jQuery Rails App
Rails, I’ve been working a lot on dealing with the back end through
ActiveRecord and using Rails templates with form helpers. However, modern web applications focus on spontaneous interaction, meaning single page apps with no page reloads. There are a variety of front end frameworks - like Angular, which I will be working with later - that many of the websites we use every day are built with. However, it’s possible to create interactive applications solely with jQuery - a
For this project, I wanted to create a simple note taking application kind of like Google Keep where the user can create and display notes without reloading the page. This creates a smoother, more natural user experience that I achieved with a
jQuery front end.
Rails Back End
Before focusing on user interaction, I organized the back end using
Rails controllers and models. I used Devise to set up a user model and authentication since notes wouldn’t be public - they needed to be limited to an individual user. After that, I used
rails generate resource to generate the files for notes and tags. The controllers are set up similarly to those in my last Rails project, with the exception of needing to account for the
AJAX requests that would be coming from the
jQuery front end.
Here is an example of an action in the notes controller handling both
respond_to, we’re able to handle requests for different formats. If we have a link that makes an
HTML request for a note, we render the note template. However, if we get a request for
JSON, we render the note in serialized
What is serialization and how does
Rails do it? There are a variety of ways, but I used ActiveModel Serializers which implicitly turns
You can take a look at my controllers here. Once the back end is set up, we can move on.
jQuery Front End
There’s a lot of code that went into seemingly basic functionality such as creating new notes, displaying notes based on a tag, and pagination without reloading. I’ll go over some of it briefly.
This portion of code attaches an event listener to the new tag form and processes the request to create a new form:
event.preventDefault() is necessary in order to prevent the default behavior of the form, which is to submit and reload the page. Anything with a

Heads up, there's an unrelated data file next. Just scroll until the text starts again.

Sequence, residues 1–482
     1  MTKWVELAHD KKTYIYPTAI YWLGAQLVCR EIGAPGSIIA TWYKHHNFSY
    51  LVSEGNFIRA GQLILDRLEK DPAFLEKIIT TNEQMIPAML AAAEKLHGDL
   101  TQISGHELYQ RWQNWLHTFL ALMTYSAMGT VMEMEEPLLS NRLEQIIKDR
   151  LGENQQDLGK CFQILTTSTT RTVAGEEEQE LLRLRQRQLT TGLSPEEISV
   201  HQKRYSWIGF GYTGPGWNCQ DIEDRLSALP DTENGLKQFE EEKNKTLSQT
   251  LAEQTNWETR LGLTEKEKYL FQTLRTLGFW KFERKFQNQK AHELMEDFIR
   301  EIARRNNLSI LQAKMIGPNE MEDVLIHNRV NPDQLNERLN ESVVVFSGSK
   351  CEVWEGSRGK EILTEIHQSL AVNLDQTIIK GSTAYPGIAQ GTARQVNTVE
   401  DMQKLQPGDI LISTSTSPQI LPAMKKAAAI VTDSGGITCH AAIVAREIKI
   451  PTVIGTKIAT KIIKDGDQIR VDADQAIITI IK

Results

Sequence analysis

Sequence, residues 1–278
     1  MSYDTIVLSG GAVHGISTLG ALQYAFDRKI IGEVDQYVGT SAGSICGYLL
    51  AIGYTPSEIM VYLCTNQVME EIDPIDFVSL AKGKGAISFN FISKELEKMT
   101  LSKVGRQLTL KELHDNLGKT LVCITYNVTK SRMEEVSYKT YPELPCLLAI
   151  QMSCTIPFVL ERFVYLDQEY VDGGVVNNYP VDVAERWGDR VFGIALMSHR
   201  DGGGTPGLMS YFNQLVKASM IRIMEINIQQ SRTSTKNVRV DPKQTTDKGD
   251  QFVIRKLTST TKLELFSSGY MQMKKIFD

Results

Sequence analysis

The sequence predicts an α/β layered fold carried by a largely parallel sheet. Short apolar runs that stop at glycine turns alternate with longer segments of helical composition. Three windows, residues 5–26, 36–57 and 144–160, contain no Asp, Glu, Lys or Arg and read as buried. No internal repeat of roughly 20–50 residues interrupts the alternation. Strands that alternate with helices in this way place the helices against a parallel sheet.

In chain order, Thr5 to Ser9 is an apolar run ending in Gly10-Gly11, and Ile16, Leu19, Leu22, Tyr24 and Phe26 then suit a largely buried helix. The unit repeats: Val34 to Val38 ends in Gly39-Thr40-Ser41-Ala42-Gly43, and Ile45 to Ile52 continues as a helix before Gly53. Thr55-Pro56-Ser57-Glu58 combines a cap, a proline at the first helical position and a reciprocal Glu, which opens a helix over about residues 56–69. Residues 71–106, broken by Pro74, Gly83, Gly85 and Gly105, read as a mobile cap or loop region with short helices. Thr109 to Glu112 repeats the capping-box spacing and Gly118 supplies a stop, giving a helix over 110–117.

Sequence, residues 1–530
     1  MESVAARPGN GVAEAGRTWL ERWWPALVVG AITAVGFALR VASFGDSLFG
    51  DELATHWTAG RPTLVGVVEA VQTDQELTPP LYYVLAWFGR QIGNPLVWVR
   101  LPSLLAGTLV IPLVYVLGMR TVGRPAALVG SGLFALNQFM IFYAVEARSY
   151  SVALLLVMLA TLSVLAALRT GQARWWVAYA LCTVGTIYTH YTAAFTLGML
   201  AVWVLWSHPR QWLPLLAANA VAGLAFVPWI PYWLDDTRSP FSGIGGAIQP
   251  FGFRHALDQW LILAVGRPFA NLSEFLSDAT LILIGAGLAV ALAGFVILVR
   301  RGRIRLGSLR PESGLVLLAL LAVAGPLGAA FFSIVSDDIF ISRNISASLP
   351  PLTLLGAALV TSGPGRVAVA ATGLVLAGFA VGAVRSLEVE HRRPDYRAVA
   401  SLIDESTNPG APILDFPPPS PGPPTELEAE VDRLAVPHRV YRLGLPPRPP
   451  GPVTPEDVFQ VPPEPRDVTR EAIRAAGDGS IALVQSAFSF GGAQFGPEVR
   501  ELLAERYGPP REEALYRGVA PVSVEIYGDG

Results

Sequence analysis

$ is shorthand for
jQuery, so it’s invoking a
jQuery object or function.
var name = $('#tag_name').val() gets the tag name value from the text input of the form and sets it to a variable. It validates it client side with a custom Validator class and if the data passes, it processes the request.
var values = $(this).serialize() serializes the data in the form via
jQuery and prepares it to be sent.
var posting = $.post('/tags', values) makes a
jQuery POST request to the tags controller with the data from the form that has been serialized. Once the posting is finished, we set a
.done callback to clear the form input field and then call the
Here, we make a
.getJSON request to ask for
JSON data from our tags controller. Since we set it up with a
respond_to earlier, the controller uses
ActiveModel Serializers to send the tag model as serialized
JSON data to
jQuery. Yes, this is a lot of serialization back and forth, but it’s necessary if we want two way
AJAX communication between our front and back ends.
We get our tags as
JSON data and iterate through it to generate the
HTML necessary to display each tag. From there, we call the
addTagListeners() function to add click events to each tag, so when we click on a tag it will then make another
AJAX request to get all the notes associated with the clicked tag.
There’s a lot more to it, but this gives a good sense of the basics of the project. You can take a look at the
You can see the source code for the whole project here on Github.